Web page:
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In response to the coronavirus pandemic, car insurance companies are making changes to customers’ insurance premiums, payment deadlines and more.
We’ve put together this guide to help answer your questions around car insurance and COVID-19.
I’m driving less. Will my car insurance company give me a discount?
As fewer Americans are driving during the pandemic, many car insurance companies are giving customers back part of their premiums. If your insurer is offering one, you won’t need to do anything to receive your refund. We’ve put together a list of insurers offering coronavirus car insurance refunds, including how much you should expect to receive.
I can’t pay my car insurance premium. What should I do?
If you can’t pay for your insurance, be proactive and contact your insurer. Many states are requiring insurance companies to extend grace periods, usually offering a 30-day period after payment is due when you can still pay and won’t lose coverage. For the time being, companies are also offering flexible payment plans and eliminating late fees and cancellations due to nonpayment.
I’m not driving as much. Should I cancel my car insurance?
This is rarely a good idea — drop coverage only as a last resort and if you aren’t driving at all. Almost all states require you to have auto insurance to legally drive, whether you do it every day or once a month. Beyond that, a lapse in coverage will result in higher car insurance rates in the future.
What changes can I make to my car insurance to save money?
One option is to drop all coverage except for the state-required minimums. Think carefully before you do this. Removing comprehensive and collision coverage will leave your car (and your wallet) exposed if you damage your car in an accident or your car gets stolen or vandalized.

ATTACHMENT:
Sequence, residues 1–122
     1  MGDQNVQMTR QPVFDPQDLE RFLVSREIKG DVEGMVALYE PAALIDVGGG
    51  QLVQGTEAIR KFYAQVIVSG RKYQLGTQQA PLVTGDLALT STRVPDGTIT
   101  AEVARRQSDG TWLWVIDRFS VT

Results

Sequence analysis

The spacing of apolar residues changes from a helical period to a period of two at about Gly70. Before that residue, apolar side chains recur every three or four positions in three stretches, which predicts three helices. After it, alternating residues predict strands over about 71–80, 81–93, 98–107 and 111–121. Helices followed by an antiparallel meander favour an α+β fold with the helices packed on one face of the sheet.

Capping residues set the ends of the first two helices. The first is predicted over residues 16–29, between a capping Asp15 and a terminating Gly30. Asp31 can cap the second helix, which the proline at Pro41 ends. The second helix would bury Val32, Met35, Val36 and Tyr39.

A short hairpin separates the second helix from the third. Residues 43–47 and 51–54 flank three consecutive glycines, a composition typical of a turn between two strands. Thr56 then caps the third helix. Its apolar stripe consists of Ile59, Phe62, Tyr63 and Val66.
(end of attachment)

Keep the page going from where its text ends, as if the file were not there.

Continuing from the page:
If you aren’t driving your car at all, and don’t have a loan or lease on it, you can suspend coverage or drop to comprehensive-only insurance if your car is in storage. Some states will require you to file an “affidavit of non-use” with your state’s department of motor vehicles.
Before you change your policy, make sure you have a backup mode of transportation. If you rely on public transit, can you still use it during the pandemic? Do you need your car in case of an emergency or for a grocery run? If the answer is yes, you won’t be able to suspend your insurance or switch to comprehensive-only.
Other ways to save money include asking about discounts, comparing car insurance quotes with multiple insurers and increasing the deductible, which is your share of repair costs before your insurer pays the rest of a claim.
Should I consider pay-per-mile car insurance?
Another possible way to save money is by switching to pay-per-mile insurance. This option is best suited for drivers who won’t be driving a lot long-term. Some companies, like Metromile, specialize in this type of insurance, while a few large insurers, such as Nationwide, also offer a per-mile option.
Unlike traditional insurance, premiums for this type of policy depend on how many miles you drive each month. There's a base rate, which is the same each month, and then a per-mile rate, which typically has a cap, such as 250 miles per day. Using a plug-in device or a smartphone app, companies can determine how far you drive. Some programs also track other driving habits, such as speeding and hard braking.
How can I submit a car insurance claim during the outbreak?
Many companies allow you to submit a claim on a mobile app or website. Apps often allow you to upload photos or videos of any damage without the need for a claims adjuster to see the car in person.
I want to make money as a delivery driver. What car insurance do I need?
Certain states, including Alabama and Pennsylvania, are encouraging insurance companies to expand coverage for drivers delivering food or medicine during this time. As a result, some insurers are automatically extending coverage to include a customer’s personal vehicle while they are delivering these essentials.